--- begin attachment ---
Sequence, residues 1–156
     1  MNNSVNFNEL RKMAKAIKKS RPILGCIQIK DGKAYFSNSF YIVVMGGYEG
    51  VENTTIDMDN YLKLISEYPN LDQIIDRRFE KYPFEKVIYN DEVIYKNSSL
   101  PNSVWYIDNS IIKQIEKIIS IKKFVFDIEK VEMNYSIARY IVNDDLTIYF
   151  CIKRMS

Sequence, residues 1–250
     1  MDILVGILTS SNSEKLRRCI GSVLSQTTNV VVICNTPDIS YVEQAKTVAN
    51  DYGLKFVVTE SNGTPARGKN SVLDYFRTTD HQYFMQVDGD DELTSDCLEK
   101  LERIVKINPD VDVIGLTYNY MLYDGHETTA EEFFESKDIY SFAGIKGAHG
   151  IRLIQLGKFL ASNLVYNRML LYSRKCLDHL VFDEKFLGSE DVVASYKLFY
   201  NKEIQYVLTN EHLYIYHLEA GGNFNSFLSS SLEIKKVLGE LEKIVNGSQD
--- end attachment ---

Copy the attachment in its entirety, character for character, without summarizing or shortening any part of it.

Sequence, residues 1–156
     1  MNNSVNFNEL RKMAKAIKKS RPILGCIQIK DGKAYFSNSF YIVVMGGYEG
    51  VENTTIDMDN YLKLISEYPN LDQIIDRRFE KYPFEKVIYN DEVIYKNSSL
   101  PNSVWYIDNS IIKQIEKIIS IKKFVFDIEK VEMNYSIARY IVNDDLTIYF
   151  CIKRMS

Sequence, residues 1–250
     1  MDILVGILTS SNSEKLRRCI GSVLSQTTNV VVICNTPDIS YVEQAKTVAN
    51  DYGLKFVVTE SNGTPARGKN SVLDYFRTTD HQYFMQVDGD DELTSDCLEK
   101  LERIVKINPD VDVIGLTYNY MLYDGHETTA EEFFESKDIY SFAGIKGAHG
   151  IRLIQLGKFL ASNLVYNRML LYSRKCLDHL VFDEKFLGSE DVVASYKLFY
   201  NKEIQYVLTN EHLYIYHLEA GGNFNSFLSS SLEIKKVLGE LEKIVNGSQD